Internet Censorship in Russia – File Under ‘Epic Fail’

What’s interesting about Russia’s new censorship system is the lack of stuff to post about. It’s actually nowhere near as advanced as BT Cleanfeed or the Golden Shield, being essentially a load of independent TCP filters working from a backlist called the ‘Single Register’. If Russia really is a hotbed of underground crime and political activism, the reaction to this would be unpredictable. And yes, ‘political extremists’ are already on the naughty list.

But this particular system has a few weaknesses, in addition to censorship itself being morally questionable (or just plain wrong). Essentially the Russian government has missed the boat, now trying to silence an already huge political opposition that will inextricably include many working for the ISPs.
The first weakness is the Single Register is ripe for hacking, if it doesn’t get leaked within the next six months: ‘The host providers must also ensure they are not in breach of current law by checking their content against the database of outlawed sites and URLs published in a special password-protected online version of the Register open only to webhosters and ISPs.’ (Wired.com)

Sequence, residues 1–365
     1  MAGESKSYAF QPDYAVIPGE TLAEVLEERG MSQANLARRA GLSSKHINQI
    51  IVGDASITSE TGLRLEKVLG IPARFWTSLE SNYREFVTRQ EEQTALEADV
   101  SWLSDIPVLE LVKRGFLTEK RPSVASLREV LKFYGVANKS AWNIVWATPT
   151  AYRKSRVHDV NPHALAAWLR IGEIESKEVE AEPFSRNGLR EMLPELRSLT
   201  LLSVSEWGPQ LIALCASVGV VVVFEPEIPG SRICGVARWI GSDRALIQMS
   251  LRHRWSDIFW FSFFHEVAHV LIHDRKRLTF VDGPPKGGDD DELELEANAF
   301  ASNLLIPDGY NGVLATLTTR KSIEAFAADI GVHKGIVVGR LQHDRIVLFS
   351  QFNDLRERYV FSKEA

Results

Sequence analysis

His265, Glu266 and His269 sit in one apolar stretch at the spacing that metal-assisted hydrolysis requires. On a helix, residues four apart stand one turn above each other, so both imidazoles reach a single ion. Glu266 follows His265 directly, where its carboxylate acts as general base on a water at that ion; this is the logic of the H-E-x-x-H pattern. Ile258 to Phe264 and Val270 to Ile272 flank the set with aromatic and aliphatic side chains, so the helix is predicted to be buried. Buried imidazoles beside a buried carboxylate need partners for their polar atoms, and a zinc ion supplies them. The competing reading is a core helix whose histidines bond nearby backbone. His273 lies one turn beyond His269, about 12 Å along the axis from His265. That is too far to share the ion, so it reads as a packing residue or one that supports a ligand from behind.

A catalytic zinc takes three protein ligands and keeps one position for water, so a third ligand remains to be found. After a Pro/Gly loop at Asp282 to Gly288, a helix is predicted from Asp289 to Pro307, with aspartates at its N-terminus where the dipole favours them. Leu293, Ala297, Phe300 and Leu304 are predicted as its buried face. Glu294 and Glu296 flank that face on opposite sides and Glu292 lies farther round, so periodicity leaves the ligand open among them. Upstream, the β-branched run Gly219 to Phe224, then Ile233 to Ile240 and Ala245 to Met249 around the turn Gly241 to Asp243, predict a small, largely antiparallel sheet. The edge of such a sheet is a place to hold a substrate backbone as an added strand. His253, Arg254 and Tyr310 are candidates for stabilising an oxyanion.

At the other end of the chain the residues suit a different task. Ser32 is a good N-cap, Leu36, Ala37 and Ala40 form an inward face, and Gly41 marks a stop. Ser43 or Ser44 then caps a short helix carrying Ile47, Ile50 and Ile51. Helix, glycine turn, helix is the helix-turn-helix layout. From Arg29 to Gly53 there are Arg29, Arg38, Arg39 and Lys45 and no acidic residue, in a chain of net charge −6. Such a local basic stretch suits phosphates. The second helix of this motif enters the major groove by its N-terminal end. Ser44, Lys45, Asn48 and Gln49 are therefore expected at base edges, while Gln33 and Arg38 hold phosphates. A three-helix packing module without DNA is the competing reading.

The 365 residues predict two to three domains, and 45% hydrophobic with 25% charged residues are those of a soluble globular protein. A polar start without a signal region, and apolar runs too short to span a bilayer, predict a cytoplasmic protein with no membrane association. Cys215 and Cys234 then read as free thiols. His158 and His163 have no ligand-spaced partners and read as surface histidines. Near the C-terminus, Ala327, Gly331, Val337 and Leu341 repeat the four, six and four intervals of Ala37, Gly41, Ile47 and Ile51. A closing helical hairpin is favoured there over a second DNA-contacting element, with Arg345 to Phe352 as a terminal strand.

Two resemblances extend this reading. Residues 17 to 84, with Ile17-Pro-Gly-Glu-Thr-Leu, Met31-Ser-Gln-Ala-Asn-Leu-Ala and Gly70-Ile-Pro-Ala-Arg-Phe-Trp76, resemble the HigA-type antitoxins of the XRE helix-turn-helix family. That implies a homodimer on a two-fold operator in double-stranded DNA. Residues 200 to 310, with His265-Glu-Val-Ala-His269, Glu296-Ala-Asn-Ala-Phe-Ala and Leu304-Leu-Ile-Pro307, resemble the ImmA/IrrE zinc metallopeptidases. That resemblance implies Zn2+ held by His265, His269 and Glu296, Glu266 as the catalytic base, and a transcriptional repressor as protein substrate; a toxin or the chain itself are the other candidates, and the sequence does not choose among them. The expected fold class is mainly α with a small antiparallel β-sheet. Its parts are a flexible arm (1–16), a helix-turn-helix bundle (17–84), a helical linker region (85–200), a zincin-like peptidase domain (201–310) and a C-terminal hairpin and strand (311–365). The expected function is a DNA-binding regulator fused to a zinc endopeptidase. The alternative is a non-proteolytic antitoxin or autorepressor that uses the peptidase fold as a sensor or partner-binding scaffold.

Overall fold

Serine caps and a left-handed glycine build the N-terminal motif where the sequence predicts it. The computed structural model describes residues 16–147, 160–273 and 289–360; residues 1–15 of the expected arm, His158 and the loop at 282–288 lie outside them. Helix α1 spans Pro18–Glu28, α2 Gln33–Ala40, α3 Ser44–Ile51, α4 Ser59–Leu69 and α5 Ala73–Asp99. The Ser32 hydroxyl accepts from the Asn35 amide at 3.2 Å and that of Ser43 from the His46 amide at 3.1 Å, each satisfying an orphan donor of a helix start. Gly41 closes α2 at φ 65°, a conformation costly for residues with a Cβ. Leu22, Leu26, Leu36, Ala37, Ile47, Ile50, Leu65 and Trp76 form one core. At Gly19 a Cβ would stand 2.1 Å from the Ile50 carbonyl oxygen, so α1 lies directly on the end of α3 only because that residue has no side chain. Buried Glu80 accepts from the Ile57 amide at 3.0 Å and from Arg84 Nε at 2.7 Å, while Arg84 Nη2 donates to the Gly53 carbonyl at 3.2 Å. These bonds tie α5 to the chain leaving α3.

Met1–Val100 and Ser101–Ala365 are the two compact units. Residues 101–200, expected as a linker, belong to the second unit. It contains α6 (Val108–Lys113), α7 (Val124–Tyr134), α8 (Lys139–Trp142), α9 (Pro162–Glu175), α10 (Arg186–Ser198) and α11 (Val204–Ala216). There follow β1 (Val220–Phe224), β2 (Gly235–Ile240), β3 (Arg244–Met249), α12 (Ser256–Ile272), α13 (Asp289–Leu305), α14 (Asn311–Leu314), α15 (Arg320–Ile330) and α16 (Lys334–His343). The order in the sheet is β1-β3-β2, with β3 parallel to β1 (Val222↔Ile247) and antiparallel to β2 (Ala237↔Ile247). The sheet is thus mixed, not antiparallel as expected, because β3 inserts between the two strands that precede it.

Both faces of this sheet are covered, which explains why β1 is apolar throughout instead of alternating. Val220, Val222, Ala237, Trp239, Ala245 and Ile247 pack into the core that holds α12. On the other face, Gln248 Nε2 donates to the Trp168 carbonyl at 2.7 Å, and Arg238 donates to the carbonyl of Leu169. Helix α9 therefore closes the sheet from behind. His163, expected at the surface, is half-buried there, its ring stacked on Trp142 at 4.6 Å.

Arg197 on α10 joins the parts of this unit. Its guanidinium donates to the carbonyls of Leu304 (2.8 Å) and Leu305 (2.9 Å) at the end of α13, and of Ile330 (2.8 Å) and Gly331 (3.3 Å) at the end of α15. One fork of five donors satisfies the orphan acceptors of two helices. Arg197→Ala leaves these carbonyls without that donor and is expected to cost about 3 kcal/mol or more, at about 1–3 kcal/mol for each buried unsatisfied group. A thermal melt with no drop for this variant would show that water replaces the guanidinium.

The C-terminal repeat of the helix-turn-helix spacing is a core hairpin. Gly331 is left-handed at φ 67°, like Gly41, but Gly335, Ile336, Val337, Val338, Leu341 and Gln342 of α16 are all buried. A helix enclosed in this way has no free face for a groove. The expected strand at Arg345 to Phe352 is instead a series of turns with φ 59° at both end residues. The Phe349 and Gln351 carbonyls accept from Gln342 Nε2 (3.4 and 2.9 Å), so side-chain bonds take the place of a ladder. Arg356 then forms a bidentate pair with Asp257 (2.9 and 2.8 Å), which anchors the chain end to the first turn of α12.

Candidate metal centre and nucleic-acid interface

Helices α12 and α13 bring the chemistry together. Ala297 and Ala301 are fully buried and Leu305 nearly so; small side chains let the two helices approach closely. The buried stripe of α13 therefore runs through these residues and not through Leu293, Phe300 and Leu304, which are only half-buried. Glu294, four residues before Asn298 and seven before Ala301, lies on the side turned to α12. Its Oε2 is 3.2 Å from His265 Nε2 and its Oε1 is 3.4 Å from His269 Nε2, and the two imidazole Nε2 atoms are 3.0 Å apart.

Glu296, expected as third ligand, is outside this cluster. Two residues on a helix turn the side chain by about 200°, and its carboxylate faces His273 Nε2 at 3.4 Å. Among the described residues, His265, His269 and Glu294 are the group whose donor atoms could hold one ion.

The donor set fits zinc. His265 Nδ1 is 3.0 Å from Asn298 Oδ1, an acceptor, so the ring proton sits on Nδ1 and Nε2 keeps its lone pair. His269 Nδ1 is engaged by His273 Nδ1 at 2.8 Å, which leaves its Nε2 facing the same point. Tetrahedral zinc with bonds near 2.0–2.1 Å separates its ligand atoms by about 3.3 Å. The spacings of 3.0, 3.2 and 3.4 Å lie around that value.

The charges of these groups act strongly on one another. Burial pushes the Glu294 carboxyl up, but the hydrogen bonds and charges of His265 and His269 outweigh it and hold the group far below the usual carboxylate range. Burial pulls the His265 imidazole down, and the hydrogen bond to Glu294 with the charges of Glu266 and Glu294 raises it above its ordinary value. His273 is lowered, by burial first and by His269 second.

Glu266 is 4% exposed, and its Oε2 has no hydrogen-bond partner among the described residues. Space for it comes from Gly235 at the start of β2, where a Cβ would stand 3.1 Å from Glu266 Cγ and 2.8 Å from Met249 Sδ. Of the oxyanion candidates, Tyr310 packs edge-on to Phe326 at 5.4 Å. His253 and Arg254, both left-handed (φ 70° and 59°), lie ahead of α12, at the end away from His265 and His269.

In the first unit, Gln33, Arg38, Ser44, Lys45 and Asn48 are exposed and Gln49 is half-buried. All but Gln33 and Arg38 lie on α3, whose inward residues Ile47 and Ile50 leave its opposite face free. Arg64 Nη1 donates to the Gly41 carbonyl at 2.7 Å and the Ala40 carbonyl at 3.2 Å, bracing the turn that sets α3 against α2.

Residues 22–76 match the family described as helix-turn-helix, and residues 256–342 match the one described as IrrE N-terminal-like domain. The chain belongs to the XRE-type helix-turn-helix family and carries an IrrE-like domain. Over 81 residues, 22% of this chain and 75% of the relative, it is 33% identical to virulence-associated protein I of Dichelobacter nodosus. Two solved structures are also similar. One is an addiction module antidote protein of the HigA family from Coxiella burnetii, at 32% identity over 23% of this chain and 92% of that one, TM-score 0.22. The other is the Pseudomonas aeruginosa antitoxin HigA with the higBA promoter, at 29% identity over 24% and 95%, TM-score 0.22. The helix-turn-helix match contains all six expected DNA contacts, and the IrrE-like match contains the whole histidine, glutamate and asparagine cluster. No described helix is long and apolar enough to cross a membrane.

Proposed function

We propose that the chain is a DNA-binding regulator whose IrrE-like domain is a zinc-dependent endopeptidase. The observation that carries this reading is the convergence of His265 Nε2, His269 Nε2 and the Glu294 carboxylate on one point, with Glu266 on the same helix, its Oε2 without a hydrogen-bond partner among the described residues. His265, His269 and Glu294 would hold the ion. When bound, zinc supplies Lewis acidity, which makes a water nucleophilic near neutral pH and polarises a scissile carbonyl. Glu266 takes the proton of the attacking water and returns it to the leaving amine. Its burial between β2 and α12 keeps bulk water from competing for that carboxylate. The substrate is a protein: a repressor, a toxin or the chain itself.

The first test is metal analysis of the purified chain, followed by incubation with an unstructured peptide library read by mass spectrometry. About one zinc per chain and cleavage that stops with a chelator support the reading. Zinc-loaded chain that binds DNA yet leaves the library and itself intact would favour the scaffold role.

And there’s the adverse effects this could ultimately have on the ability of ISPs to manage large volumes of traffic, which I’ve covered before: ‘The first bell rang in Russia when we got torrents. Because the torrents occupy all available bandwidth[...] When it began, operators came to think how to solve it. And it turned out that there is no other option except DPI. No switch, no router, not even Cisco, can solve the problem. This is the level of applications, and in any case it’s necessary to open the packets and see what’s inside.’
The engineer I’ve just quoted (Vasya Naumenko of RGRcom) seems unaware that standard packet inspection, not DPI, was used for traffic management, and that DPI simply doesn’t work against encrypted payloads (to my knowledge). But the salient point is there are ways to cripple the Internet, and making VPNs and tunnel mode IPsec a necessity for millions of political dissidents is one of them. The ISPs would no longer be able to differentiate between traffic types, and would therefore be unable to prioritise this.

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